There are a few nice tutorials out there:

http://www.oracle.com/technetwork/java/embedded/javacard/overview/index.html http://javacard.vetilles.com/tutorial/

and a very good SO question:

How to get started with Java Cards?

To answer your question: JavaCard is just a language for writing smartcard applications called applets. It handles all the application logic, but it does not specify the APDU format. That is because JavaCard is not the only smartcard technology. APDU format is specifed in ISO7816 standard, which I really recommend you to read through. It is not free to download, but you can find the most important parts here:

http://www.cardwerk.com/smartcards/smartcard_standard_ISO7816-4_5_basic_organizations.aspx

You would find there, that your APDU command consists of a header:

00A404000E

and a data part:

63616C63756C61746F722E617070.

The header specifies what function should be called:

00 - class byte (CLA, 00 means "inter-industry command sent to logical channel 0")

A4 - instruction byte (INS, A4 means "SELECT applet command")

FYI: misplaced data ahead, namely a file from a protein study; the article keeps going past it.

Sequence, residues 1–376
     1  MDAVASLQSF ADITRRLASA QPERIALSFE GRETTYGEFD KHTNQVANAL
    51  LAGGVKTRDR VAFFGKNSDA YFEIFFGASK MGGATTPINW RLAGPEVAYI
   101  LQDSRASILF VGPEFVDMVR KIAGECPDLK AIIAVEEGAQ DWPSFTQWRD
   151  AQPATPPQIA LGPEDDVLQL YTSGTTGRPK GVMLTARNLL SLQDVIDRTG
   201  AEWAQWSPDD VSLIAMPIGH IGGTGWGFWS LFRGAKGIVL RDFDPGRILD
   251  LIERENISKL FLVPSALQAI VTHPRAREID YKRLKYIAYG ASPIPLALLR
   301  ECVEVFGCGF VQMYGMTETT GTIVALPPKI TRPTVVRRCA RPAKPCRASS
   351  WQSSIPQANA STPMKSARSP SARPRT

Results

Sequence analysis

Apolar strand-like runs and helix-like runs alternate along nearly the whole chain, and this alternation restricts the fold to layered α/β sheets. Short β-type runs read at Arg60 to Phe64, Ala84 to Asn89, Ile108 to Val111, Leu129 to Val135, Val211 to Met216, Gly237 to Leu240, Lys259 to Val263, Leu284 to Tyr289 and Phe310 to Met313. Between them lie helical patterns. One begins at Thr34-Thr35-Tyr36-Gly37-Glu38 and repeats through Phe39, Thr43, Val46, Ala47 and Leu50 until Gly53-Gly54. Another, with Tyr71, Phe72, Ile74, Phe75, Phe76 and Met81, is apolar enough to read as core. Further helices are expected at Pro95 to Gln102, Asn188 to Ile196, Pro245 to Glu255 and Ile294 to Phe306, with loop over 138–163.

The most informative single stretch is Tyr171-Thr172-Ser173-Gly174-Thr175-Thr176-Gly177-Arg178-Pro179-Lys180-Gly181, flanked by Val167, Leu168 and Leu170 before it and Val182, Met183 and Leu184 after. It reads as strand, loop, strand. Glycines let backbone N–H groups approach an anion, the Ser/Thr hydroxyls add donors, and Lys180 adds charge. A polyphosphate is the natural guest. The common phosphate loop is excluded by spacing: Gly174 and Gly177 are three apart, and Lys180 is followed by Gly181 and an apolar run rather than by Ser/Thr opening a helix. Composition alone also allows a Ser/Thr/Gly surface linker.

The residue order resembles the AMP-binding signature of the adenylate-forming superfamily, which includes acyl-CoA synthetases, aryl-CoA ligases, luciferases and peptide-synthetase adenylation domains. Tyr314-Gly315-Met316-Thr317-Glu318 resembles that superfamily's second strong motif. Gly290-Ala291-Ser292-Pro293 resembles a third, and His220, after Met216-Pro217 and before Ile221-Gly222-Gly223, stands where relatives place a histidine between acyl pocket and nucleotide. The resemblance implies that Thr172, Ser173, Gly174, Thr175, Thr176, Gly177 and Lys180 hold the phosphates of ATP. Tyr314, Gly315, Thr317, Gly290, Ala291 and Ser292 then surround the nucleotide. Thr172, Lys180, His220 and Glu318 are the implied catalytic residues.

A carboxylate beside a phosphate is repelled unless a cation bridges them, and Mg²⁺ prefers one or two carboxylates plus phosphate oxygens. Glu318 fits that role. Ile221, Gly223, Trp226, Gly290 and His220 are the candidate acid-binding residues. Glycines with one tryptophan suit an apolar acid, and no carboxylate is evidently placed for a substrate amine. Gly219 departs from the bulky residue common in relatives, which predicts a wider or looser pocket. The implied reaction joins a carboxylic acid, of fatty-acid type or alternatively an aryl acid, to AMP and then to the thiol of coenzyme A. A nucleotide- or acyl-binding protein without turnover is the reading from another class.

04 - parameter 1 (P1)

00 - parameter 2 (P2)

0E - length of the data part (Lc)

and the data part contains the identifier of the applet which should be selected for future usage (in your case it is an ASCII encoded string "calculator.app" btw).

  • How to comprehend any values of CLA or INS? There are no well formed documents on the Internet. For example, how can I understand the meaning if CLA = 10101010? or, if INS = 10101010? – user366312 Jun 4 '15 at 9:35
  • @BROY Have a look at chapters 5.4.1 and 5.4.2 in this document: cardwerk.com/smartcards/… – vojta Jun 5 '15 at 6:27
  • Good answer and informative. Isn't it that "select" command uses hexadecimal numeric AID rather than alphabetic strings? Pls correct me if I'm wrong. Thanks. – typelogic Nov 10 at 4:29
  • @typelogic Yes, the alphabetical string is encoded to bytes using ASCII. – vojta Nov 10 at 8:05